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Non-event at The Hague

Two Reuters journalists, who exposed the killings, served more than 500 days in prison.

SNS | New Delhi |

Humanity is on trial. And yet Aung San Suu Kyi’s deposition at the International Court of Justice at The Hague on the persecution and worse of the Rohingya Muslims has turned out to be a damp squib, indeed a feeble submission on an ugly truth. After a bout of prolonged silence, her singular brief was apparently to defend the regime and the junta. Once regarded as the champion of democracy and the fight against oppression, she has now lost her moral credibility after kowtowing to the junta since the election in November 2015.

And yet, her strained defence before ICJ of the perpetrators of repression ought not to overshadow the core issue ~ the repression per se, of a kind that has been rated by the UN as the worst humanitarian crisis since World War II. That crisis relates to the 700,000 Rohingya Muslims who were forced to flee to Bangladesh in 2016. UN investigators believe that 10,000 may have died in the crackdown, and the 600,000 now languishing in squalor have been denied basic rights.

As Senior Counsellor short of President, Suu Kyi’s presentation at the fountain-head of justice has skirted the central issue of man’s inhumanity to man. Not to put too fine a point on it, her deposition at Peace Palace in The Hague ~ the venue of the hearing ~ was a non-event, much as she played to the military gallery in Naypidaw. She has drawn a fine distinction between the treatment of Rohingyas and genocide.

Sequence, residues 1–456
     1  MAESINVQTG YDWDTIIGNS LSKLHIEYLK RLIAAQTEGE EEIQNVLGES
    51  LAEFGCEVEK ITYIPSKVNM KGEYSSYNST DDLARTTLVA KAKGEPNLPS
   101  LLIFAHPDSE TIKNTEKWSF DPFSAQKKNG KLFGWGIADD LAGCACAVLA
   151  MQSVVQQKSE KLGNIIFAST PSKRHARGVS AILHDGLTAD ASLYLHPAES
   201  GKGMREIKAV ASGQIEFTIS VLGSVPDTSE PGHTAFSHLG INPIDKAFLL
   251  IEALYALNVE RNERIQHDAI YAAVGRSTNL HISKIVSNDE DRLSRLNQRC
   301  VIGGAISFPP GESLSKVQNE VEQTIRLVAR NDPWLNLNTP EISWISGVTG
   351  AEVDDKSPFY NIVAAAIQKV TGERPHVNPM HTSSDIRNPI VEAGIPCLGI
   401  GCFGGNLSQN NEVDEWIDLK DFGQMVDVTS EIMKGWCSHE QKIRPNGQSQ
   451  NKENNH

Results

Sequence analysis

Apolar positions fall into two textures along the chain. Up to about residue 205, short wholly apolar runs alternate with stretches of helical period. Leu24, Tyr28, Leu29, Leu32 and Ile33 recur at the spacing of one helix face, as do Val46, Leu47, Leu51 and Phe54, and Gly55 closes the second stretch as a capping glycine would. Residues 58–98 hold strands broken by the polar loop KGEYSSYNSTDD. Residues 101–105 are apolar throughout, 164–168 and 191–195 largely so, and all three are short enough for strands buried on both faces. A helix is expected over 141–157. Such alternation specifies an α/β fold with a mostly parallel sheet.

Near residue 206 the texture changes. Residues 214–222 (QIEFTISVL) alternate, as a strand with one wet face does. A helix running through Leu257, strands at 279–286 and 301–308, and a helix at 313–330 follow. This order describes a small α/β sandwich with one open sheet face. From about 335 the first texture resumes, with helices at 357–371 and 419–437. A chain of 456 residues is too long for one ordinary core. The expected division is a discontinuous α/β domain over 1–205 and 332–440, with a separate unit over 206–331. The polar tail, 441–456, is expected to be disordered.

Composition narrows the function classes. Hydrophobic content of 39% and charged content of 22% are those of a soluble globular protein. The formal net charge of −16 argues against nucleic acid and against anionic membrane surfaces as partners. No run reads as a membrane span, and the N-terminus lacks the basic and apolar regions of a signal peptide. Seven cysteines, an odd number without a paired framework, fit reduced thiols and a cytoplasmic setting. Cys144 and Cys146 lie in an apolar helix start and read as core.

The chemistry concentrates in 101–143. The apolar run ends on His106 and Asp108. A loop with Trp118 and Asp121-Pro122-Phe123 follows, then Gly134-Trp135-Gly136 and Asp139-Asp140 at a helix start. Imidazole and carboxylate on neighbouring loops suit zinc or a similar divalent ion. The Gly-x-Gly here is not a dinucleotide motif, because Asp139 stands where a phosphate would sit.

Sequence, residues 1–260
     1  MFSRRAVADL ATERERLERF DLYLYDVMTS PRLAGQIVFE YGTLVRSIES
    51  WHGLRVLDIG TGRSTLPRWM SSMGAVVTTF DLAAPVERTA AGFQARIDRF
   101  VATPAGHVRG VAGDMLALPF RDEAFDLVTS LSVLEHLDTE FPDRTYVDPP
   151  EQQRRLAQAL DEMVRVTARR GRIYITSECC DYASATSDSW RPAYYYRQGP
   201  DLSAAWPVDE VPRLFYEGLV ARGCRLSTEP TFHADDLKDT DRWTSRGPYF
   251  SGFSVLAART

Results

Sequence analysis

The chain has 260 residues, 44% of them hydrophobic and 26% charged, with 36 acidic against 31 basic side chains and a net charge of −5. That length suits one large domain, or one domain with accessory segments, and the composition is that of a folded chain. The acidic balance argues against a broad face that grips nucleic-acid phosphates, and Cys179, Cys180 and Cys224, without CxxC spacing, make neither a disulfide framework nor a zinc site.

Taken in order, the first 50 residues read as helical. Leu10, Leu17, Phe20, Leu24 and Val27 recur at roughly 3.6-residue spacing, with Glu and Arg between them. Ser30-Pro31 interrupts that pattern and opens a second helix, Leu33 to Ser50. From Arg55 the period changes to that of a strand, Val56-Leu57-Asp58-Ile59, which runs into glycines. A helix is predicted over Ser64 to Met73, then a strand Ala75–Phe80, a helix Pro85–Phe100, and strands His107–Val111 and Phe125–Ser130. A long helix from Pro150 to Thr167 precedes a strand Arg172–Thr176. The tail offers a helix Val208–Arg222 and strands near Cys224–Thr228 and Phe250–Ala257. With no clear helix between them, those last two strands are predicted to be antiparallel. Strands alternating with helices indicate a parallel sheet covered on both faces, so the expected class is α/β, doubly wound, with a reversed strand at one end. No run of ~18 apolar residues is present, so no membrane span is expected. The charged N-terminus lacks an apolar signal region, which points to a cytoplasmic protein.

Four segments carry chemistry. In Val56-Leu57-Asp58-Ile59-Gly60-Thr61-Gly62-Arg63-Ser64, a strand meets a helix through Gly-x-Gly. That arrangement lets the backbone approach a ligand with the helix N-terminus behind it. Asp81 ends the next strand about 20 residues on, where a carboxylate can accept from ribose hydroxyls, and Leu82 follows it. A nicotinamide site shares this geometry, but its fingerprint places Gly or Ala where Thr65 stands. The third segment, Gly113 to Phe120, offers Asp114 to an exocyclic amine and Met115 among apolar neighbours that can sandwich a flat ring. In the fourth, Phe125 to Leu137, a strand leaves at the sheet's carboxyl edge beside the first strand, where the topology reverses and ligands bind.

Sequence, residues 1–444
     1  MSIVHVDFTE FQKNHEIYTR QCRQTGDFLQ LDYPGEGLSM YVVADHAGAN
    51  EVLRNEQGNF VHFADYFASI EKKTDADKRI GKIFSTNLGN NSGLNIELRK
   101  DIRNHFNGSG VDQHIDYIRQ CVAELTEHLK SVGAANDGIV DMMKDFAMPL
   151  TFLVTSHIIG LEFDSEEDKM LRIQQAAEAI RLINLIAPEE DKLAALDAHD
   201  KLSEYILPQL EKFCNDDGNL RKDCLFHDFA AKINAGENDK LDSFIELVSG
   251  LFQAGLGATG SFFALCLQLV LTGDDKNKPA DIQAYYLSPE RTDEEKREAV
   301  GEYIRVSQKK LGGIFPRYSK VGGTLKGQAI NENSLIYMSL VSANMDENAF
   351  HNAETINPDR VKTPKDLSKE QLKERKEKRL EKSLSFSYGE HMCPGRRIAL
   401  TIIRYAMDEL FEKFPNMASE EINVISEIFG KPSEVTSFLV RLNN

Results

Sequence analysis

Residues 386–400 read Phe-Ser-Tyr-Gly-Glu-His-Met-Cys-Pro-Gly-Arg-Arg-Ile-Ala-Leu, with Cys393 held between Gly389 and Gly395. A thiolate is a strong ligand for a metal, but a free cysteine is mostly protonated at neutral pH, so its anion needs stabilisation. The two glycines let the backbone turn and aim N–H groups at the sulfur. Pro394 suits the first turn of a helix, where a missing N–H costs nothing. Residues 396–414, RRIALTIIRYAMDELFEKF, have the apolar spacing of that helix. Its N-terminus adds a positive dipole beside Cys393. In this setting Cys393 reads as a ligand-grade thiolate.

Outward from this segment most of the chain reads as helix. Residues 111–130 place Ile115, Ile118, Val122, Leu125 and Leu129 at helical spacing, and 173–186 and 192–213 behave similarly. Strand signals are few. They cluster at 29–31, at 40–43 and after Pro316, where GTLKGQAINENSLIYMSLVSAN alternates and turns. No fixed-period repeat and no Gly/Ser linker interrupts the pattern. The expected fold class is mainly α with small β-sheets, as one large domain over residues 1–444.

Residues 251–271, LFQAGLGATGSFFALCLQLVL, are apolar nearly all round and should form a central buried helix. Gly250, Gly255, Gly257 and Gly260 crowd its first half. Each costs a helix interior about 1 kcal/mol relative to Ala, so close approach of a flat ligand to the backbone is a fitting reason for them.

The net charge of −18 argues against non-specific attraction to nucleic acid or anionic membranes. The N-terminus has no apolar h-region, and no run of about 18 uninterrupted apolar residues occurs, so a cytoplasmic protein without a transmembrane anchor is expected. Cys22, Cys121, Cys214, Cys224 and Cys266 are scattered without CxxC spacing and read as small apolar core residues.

The narrative in Myanmar lends no scope for semantic quibbling and it is hard not to wonder whether the junta, which still calls the shots from behind the facade, had scripted her speech. Of course, she has conceded that “it cannot be ruled out that disproportionate force was used by members of the defence services in some cases in disregard of international humanitarian law, or that they did not distinguish clearly enough between fighters and civilians”.

But this did not, she argued, amount to genocide. Nor for that matter did she use the term “Rohingya” even once. Not many will buy her argument that the accusations against Myanmar form an “incomplete and factually misleading account”. In point of fact, the evidence points to a pogrom against a people who have suffered decades of discrimination. She claimed that the authorities had held troops to account; yet even when soldiers were jailed for the murder of 10 Muslim men in the village of Inn Din, they were released after less than a year.

Two Reuters journalists, who exposed the killings, served more than 500 days in prison. Her personal representation of Myanmar has dispelled the hope that she is a reluctant leader of a civilian government in a country where the military remains omnipotent. Even at The Hague, she was seemingly anxious not to rock the junta’s applecart before the elections in 2020. It was more than just a coincidence that while she was defending her country in the UN’s highest court, 23 Rohingya children were made to appear in a Myanmar court for trying to flee the country. The International Court of Justice must know the truth of the matter. It didn’t last week.